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Have you stood up today? Raised a cup of coffee to your lips? Walked a few steps? It’s easy to take these kinds of movements for granted, but we humans are incredibly agile creatures. And we’ve got our bones and joints to thank for much of that strength and flexibility.
One way to express our gratitude to these multi-talented body parts is to take good care of them. The first step in maintaining – and even improving – healthy bones and joints is knowing a bit more about them.The BonesBuilt mostly from collagen and calcium, our bones provide our bodies’ structural framework. They are capable of growing and rebuilding, as well as weakening and breaking.As we age, we become more susceptible to osteoporosis – a condition that makes bones less dense and more brittle. It’s estimated that half of all women and one-fourth of all men over the age of 50 will suffer a broken bone due to osteoporosis. And these breaks aren’t always due to dramatic falls; in extreme cases of osteoporosis, even minor bumps can lead to fractures. Nurturing bone health can be a life-long practice. Diet and exercise can help sustain bones at every stage of life. Follow these bone-healthy dos and don’ts:
- DO eat foods packed with calcium, folate, and vitamins C, D and K.
- DO talk to your doctor about nutritional supplements if your diet doesn’t deliver all that you need. He or she might also suggest prescription medication treatment.
- DO get regular exercise. Active bones are stronger bones.
- DO maintain a healthy weight. Too heavy and you strain your bones’ carrying capacity; too thin and you risk depriving your bones of crucial nutrients.
- DON’T eat foods heavy with saturated fats, which can elevate levels of homocysteine (known to decrease bone mass).
- DON’T smoke. Smoking can decrease bone mass and raise your risk of fractures.
- DON’T drink alcohol to excess, as intoxication can put you at greater risk for falls.
- DON’T drink soda when you can choose a healthier beverage such as milk, juice or water.
Our joints, made largely of collagen and cartilage, help keep our bones in place while allowing them a certain amount of movement. Joints provide a layer of protection between our bones so they don’t grind directly against each other.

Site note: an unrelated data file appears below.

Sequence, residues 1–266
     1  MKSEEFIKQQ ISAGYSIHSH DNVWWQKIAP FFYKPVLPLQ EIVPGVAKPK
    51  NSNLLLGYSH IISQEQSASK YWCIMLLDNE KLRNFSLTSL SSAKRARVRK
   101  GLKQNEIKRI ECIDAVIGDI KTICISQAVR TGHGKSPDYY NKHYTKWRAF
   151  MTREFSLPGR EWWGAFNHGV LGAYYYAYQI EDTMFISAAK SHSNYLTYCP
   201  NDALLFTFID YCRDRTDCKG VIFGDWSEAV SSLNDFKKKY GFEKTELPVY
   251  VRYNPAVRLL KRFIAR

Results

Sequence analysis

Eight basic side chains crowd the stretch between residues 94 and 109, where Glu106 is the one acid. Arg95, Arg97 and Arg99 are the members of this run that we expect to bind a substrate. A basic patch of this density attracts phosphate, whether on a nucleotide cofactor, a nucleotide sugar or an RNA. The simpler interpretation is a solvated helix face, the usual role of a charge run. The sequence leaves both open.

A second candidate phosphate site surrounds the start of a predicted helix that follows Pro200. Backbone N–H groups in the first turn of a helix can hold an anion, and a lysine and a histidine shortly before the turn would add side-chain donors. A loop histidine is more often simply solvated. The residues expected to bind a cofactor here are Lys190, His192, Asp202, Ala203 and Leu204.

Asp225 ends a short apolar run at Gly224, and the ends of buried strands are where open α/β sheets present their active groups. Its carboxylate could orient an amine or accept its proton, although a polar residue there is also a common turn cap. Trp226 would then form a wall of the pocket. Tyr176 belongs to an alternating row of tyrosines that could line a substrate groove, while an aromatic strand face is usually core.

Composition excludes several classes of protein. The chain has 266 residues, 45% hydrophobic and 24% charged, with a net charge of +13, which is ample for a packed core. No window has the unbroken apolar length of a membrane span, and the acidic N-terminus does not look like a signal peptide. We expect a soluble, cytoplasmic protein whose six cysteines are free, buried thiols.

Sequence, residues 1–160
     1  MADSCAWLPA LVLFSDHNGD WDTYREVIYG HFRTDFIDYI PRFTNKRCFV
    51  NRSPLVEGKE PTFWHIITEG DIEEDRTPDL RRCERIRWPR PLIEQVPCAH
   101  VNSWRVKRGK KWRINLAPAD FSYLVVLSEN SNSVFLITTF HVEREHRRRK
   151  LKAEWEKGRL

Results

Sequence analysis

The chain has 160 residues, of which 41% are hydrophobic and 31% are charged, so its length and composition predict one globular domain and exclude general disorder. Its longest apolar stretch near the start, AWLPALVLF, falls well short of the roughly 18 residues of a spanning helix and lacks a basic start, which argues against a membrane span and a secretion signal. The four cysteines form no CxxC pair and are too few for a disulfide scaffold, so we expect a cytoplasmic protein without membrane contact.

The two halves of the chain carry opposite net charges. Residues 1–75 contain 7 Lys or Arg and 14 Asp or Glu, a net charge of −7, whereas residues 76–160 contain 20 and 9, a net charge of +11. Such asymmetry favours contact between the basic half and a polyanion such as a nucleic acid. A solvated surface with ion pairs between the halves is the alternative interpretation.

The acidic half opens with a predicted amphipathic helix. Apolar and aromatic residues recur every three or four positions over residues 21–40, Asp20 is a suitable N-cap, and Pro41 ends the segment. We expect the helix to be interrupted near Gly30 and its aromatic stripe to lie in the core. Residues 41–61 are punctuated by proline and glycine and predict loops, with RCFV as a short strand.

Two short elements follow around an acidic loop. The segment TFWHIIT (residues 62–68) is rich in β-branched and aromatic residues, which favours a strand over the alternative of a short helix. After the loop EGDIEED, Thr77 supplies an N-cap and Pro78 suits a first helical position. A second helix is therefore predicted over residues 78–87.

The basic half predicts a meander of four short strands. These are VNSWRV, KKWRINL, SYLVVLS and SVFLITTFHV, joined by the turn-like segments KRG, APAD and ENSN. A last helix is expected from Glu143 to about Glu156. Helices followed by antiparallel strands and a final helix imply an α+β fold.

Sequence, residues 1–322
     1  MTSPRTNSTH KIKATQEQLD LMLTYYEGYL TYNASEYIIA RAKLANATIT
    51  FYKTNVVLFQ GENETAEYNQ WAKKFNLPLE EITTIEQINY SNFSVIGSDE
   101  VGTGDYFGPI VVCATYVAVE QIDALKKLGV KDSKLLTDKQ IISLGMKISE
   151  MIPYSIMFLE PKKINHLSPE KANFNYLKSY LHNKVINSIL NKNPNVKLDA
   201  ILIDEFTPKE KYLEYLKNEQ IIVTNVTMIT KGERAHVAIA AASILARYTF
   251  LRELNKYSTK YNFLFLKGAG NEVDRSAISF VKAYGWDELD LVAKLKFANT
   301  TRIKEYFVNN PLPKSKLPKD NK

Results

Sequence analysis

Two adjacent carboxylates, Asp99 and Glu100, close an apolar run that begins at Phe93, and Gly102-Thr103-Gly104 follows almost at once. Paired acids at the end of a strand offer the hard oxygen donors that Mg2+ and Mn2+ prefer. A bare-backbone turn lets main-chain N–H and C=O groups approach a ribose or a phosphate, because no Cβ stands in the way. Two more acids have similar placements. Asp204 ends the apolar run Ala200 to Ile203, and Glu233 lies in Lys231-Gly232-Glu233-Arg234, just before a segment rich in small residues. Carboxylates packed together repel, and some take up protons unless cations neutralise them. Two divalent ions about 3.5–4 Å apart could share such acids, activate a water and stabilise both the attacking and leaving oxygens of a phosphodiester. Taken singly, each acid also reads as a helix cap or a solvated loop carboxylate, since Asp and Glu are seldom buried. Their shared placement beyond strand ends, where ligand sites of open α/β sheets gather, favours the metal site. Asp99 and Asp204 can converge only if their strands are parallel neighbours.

Just as osteoporosis is a weakening of the bones, osteoarthritis is what happens when the joints begin to break down over time. It’s the most common chronic joint condition and can happen anywhere in the body. Typical symptoms of osteoarthritis are pain, stiffness and swelling at the site.
Whether you’re taking care of achy joints or establishing early habits to prevent future joint problems, follow these tips for best results:
- DO maintain an exercise routine. Low-impact activities such as walking, swimming, cycling, tai chi and strength training are easy on the joints.
- DO stay strong. Joints are better protected when surrounded by muscles.
- DO use braces and/or padding to support vulnerable joints when needed.
- DO eat a healthy diet. Foods rich in Omega-3 and vitamin D can help reduce joint inflammation.
- DO get serious joint injuries looked at by a health care professional.
- DON’T stay stationary. Take stretching and strolling breaks throughout the day, especially if your routine keeps you sitting at a desk.
- DON’T allow your weight to climb. Your hips, knees and back carry the load, and each pound adds pressure on the joints.
- DON’T ignore aches and pains. Use ice to reduce swelling and over-the-counter medications to manage discomfort as needed.
The Right Move
Bones and joints are among the most impressive components of the human machine. But, like anything, they need a little TLC to stay in good working order. It’s never too late to start giving them the respect they’ve earned. Stand up for them and they’ll likely return the favor!